The Sweet Sounds of Motifs: A Streetcar Named Desire, Act I, Scene Seven

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SWBAT analyze the impact of the author’s choices in using motifs to relate the elements of a drama.

Big Idea

The music of the light: The use of motifs in establishing Blanche's fantasy.


The focus of this lesson is to introduce students to the concept of motifs.  Tennessee William's use of motifs is prevalent in A Streetcar Named Desire.  The primary motifs are the use of musical melodies to create mood and to indicate an emotional strife experienced by a character, in this case Blanche.  Additionally, Williams continues his use of other genres to present themes.  We will examine the lyrics to the song "Paper Moon" and identify ways the lyrics and the events in the scene run parallel.

A Streetcar Named Desire Vocabulary Test

20 minutes

To begin this lesson, students will take a vocabulary test on the first set of words.  This test has been designed to be Common Core aligned where students must ascertain meaning from context.

Motifs in A Streetcar Named Desire

20 minutes

 In this section, I want to introduce the concept of a literary motif. Tennessee Williams uses two musical motifs throughout the play to present atmosphere or relate an experience or feeling to a character.  The blue piano motif, introduced in the first scene, occurs throughout the play and helps to set the sensual atmosphere that pervades through every scene, especially those scenes involving Stanley and Stella and finally Stanley and Blanche.  The Varsouviana Polka (Warsaw Polka) plays whenever Blanche recalls any information about her husband.  As the blue piano presents a sensual sound, the polka is a contrasting sound with its innocent and light melody.  The polka is a stark contrast to the events that Blanche recalls whenever the audience hears the melody.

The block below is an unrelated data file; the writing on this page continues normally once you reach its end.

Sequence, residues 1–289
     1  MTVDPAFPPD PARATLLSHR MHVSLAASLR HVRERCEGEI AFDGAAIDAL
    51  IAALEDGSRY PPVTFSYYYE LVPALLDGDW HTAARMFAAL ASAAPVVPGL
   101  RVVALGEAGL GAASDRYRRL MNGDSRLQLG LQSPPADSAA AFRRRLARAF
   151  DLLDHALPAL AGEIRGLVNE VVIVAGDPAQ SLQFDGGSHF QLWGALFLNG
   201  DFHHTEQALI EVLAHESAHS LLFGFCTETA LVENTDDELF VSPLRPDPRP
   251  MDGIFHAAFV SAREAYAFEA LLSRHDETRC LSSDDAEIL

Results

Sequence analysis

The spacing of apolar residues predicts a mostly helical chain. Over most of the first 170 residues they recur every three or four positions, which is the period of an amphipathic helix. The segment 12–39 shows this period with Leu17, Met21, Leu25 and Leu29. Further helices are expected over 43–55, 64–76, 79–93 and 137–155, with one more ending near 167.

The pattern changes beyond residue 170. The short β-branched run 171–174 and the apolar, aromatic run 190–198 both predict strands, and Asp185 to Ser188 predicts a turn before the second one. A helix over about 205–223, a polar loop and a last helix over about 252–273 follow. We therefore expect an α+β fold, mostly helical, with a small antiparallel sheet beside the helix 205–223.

To begin my lesson, I play both pieces of music and ask students to think of adjectives that describe each selection.  I then ask them to recall any plot events or predict plot events that would happen when this music was played.  Finally, students search the stage directions in the first six scenes and complete a worksheet where they will identify lines that follow the music.  Students will explain the lines and what role the music plays in the scene.

Finally, on the back of the worksheet, students will explain why Williams uses motifs to create atmosphere or relate the emotions of a character.

Read A Streetcar Named Desire, Act I, Scene Seven

30 minutes

As we read scene seven, I ask students to write down the realities of Blanche's life as relayed by Stanley.  We will begin to see a pack of lies that Blanche has been spinning since she arrived in Elysian Fields. I also ask students to consider why Blanche always takes a bath.  What does a bath do for her?  When students assemble a list of inaccuracies and elaborations that Blanche has been feeding to the other characters, they realize that she is not always telling the truth.  I want to draw them closer to realizing that water and the bath are a way for Blanche to cleanse herself of the indiscretions of her past in Laurel and her attempt to have a fresh start in New Orleans.  More often than not, students are able to make that connection.  They see the literal and figurative connection between Blanche and water.  If need be, I bring up the topic of Baptism and what it means.  This example is usually a great prompt for struggling students.  Blanche needs to renew herself in order to continue on as she tries to forget her past indiscretions. Or course, Stanley will prevent any fresh start on Blanche's behalf.  I will also ask students to speculate why Stanley will not allow Blanche to start anew and build a life with Mitch.  Common student responses are that Stanley is too controlling and doesn't like Blanche because she called him common and wanted Stella to leave him.  His sabotage of Blanche and Mitch's relationship is his revenge.


In lieu of discussion questions, students will write a reflection in which they will look at the lyrics to "Papermoon," the song Blanche is singing in the bath tub.  (See attached). Again, Tennessee Williams is using another genre to convey a theme.  In this case, we see Blacnhe's illusion running parallel to the reality of Stanley's information.  The scene will culminate in Blanche's imaginary world crashing down at the hands of Stanley's words.